International AffairsAll Events
18491849. The Irish troubles continue: conflicts between landlords and tenants in Ireland.
Between 1849 - 51 36,755 families suffered eviction in Ireland.
Domestic Affairs
The Irish Question
All Events
185018 January 1850. Don Pacifico affair: the blockade of the port of Piraeus.
Background: The Greek government had refused to pay a compensation claim made against it by a British citizen (living in Athens but born in Gibraltar) who had suffered an anti-Semitic attack. Palmerston reacted in typically robust fashion by ordering a blockade of the Greek port of Piraeus and the seizure of Greek shipping to the value of the outstanding claim.
International AffairsAll Events
18505 March 1850. Britannia Tubular Bridge Opened.
Robert Stephenson's 1,512 feet (461 m) bridge spanned from mainland Wales to Anglesey. It used 460 feet long rectangular iron tubes. The bridge sections were constructed on shore and then floated into position.
Industry science and TechnologyAll Events
185029 June 1850. Don Pacifico affair: Palmerston's defence of his actions.
A vote of censure against Palmerston over his handling of the Don Pacifico affair was reversed by the House of Commons following a rousing five hour speech by Palmerston, which concluded with the now famous words:
'As the Roman, in days of old, held himself free from indignity when he could say "Civis Romanus sum" [I am a Roman citizen], so also a British subject, in whatever land he may be, shall feel confident that the watchful eye and the strong arm of England will protect him against injustice and wrong'.
International AffairsAll Events
18502 July 1850. Robert Peel dies.
Following a riding accident on Constitution Hill, London.
Domestic AffairsAll Events
1850August 1850. The first telegraph cable laid across the English Channel.
Using a converted tug (The Goliath). It failed due to lack of protection.
Industry science and TechnologyAll Events
18504 September 1850. The incident with General 'Hyena' Haynau.
Already out of favour with Queen Victoria, Palmerston now insulted her guest, General Haynau. When this general, a brutal suppressor in the Hungarian revolt, is roughed up by some workers whilst visiting a brewery, Palmerston was far from sympathetic; his 'apology' to Haynau suggested that he should have stayed at home.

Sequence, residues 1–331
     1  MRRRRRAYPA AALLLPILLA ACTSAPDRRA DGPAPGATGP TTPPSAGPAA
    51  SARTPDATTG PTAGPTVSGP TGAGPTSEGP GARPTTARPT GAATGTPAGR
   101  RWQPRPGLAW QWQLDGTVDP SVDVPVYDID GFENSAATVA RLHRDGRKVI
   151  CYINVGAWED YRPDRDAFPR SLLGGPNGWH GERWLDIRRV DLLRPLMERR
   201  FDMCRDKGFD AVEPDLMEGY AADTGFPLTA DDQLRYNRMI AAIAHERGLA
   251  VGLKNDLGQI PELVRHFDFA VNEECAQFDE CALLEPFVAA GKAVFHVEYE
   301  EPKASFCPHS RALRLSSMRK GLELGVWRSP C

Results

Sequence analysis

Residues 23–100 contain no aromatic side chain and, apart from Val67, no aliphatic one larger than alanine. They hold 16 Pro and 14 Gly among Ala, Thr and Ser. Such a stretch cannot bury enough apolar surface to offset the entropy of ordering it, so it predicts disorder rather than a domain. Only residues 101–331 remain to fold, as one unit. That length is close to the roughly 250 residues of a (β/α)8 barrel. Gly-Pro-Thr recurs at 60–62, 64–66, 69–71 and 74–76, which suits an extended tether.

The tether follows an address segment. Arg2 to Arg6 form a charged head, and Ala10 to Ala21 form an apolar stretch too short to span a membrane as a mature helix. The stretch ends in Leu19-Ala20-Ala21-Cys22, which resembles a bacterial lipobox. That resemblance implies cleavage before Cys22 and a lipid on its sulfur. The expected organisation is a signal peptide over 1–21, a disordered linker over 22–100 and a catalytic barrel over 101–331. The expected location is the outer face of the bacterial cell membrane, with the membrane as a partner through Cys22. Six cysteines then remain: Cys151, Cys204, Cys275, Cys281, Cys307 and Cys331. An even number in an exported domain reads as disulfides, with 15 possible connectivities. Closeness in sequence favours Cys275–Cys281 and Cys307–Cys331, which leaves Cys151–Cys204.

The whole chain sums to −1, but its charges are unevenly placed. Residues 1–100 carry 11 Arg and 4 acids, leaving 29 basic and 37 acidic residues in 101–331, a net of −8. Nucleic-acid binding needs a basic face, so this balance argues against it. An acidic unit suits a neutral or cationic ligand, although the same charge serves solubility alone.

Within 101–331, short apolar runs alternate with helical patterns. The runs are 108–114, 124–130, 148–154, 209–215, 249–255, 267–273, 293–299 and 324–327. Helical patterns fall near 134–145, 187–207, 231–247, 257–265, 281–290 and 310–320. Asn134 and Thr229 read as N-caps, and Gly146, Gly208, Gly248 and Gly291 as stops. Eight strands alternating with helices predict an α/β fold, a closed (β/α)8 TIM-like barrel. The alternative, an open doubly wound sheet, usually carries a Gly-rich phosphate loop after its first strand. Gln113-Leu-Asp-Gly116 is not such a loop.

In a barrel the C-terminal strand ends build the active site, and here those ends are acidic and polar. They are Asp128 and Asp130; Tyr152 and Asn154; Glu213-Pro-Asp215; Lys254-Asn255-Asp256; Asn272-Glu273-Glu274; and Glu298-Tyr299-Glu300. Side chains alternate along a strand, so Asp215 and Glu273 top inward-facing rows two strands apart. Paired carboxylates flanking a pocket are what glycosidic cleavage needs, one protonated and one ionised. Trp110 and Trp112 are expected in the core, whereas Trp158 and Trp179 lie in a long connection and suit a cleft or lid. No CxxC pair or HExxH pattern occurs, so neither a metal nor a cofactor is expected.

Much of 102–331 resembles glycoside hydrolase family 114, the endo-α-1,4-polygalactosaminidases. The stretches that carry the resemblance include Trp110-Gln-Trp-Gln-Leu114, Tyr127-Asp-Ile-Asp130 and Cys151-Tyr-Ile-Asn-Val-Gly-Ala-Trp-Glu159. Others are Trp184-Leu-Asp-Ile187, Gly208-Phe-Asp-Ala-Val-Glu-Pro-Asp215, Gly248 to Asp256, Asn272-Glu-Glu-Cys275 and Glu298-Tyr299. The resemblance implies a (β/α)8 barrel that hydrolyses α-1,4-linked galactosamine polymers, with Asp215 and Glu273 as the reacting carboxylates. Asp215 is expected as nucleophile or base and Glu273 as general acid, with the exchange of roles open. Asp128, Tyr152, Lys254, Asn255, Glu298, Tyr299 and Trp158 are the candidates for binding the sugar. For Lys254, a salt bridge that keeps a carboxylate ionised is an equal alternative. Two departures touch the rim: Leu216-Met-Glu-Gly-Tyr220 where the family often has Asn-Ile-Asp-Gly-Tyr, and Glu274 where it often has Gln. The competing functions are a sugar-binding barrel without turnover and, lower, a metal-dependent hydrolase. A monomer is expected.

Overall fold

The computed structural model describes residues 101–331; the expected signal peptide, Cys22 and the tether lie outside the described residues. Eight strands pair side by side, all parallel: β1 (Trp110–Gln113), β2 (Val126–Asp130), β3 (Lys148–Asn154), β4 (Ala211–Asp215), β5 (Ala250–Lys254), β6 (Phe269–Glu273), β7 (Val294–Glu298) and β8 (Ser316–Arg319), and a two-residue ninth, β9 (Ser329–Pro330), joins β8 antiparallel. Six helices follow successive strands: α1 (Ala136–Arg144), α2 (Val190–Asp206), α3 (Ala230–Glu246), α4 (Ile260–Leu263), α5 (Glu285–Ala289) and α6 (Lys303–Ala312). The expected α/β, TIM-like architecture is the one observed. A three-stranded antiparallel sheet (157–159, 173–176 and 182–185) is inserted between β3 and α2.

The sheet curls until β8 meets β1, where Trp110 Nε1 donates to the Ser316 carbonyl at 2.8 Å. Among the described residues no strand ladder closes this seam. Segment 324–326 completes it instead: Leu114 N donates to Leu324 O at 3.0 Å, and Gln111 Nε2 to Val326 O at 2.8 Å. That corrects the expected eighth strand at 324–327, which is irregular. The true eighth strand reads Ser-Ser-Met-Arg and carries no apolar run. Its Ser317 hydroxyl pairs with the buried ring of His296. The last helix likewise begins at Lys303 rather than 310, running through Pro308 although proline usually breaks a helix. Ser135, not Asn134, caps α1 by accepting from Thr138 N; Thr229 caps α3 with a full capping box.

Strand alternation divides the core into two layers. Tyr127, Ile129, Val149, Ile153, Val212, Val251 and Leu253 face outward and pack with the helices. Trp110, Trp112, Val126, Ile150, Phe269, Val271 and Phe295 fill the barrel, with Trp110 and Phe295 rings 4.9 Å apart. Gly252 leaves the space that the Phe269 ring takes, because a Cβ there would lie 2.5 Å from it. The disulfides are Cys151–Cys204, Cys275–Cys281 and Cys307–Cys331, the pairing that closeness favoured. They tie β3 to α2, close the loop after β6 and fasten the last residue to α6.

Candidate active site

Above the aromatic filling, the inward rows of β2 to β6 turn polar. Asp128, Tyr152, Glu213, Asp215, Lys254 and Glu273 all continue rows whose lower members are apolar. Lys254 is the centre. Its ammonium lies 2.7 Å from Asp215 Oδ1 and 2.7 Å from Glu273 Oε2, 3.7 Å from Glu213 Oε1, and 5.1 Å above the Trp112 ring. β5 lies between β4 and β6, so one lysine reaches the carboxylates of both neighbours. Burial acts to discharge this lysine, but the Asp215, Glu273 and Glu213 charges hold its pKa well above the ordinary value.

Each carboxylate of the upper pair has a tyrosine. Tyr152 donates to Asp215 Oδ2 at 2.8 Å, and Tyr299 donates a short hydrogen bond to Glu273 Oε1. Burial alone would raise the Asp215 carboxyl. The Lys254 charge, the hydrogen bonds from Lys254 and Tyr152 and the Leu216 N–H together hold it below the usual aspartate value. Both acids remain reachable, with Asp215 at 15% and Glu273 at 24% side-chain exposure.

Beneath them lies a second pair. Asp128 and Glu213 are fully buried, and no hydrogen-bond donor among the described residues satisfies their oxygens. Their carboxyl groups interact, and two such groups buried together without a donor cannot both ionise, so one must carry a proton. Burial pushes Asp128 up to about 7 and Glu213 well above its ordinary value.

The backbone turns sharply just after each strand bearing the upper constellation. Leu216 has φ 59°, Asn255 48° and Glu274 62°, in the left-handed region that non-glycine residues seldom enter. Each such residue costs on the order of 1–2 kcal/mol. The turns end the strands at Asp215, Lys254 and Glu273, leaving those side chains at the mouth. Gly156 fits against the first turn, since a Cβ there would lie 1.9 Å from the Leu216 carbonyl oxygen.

International AffairsAll Events
1850November 1850. Charles Dickens' David Copperfield first published as a book.
It had been published in instalments from May 1849.
Home Affairs.All Events
18501850. Grey's Factory Act.
This act watered down the 1847 Factory Act by increasing the working hours limit to ten and half hours per day. This was a blow to Shaftesbury's reputation but he lacked support in the Commons.
Domestic AffairsAll Events
185130 March 1851. Census.
New questions included: who is head of the household/relationship to head of the household, marital status, house number, place of birth. Physical defects such as whether blind, deaf or dumb. Language spoken (Ireland). Rounding down of ages dropped. Removed: question as to whether houses were inhabited or being built.
It showed that 80% of Welsh churchgoers attended a nonconfirmist church (only 20% attending a Church of England church). This led to a push for the Church of England in Wales to be disestablished. (Although it did not actually happen until 1914).
Domestic Affairs
UK Census
All Events
18511 May - 15 October 1851. The Great Exhibition at Crystal Palace.
Organised by Prince Albert and designed by Joseph Paxton, it showcased the world's inventions and works of art. It attracted over 6 million people, many of whom were able to take advantage of cheap train travel.
Industry science and TechnologyAll Events
1851September 1851. First successful cross channel telegraph cable laid.Industry science and TechnologyAll Events
1851December 1851. Louis Napoleon Bonaparte launches coup d'etat.
Louis Napoleon Bonaparte, President of France since the French Revolution of 1848, launches a coup d'etat, leading to the emprisonment or exile of his enemies (including Victor Hugo, writer of Les Miserables, who ended up in Guernsey, where he finished this novel).
In a dispatch (typically unsubmitted to Queen Victoria) Palmerston congratulated Bonaparte, (believing him to be less of a threat than either the extreme Republicans or the Orleans family.)
Queen Victoria, a supporter of the Orleans family, was appalled.
International AffairsAll Events
185119 December 1851. Palmerston's dismissal.
Bowing to royal pressure, Lord Russell forced Palmerston's resignation. Palmerston then turned all his energies to bringing down the Russell government; the government only lasted another two months.
Domestic AffairsAll Events
185217 January 1852. The Sand River Convention.
Britain reversed its 1848 annexation of the region across the Vaal River and formally recognised the independence of the South African Republic.
International AffairsAll Events
18523 February 1852. The new House of Commons is opened.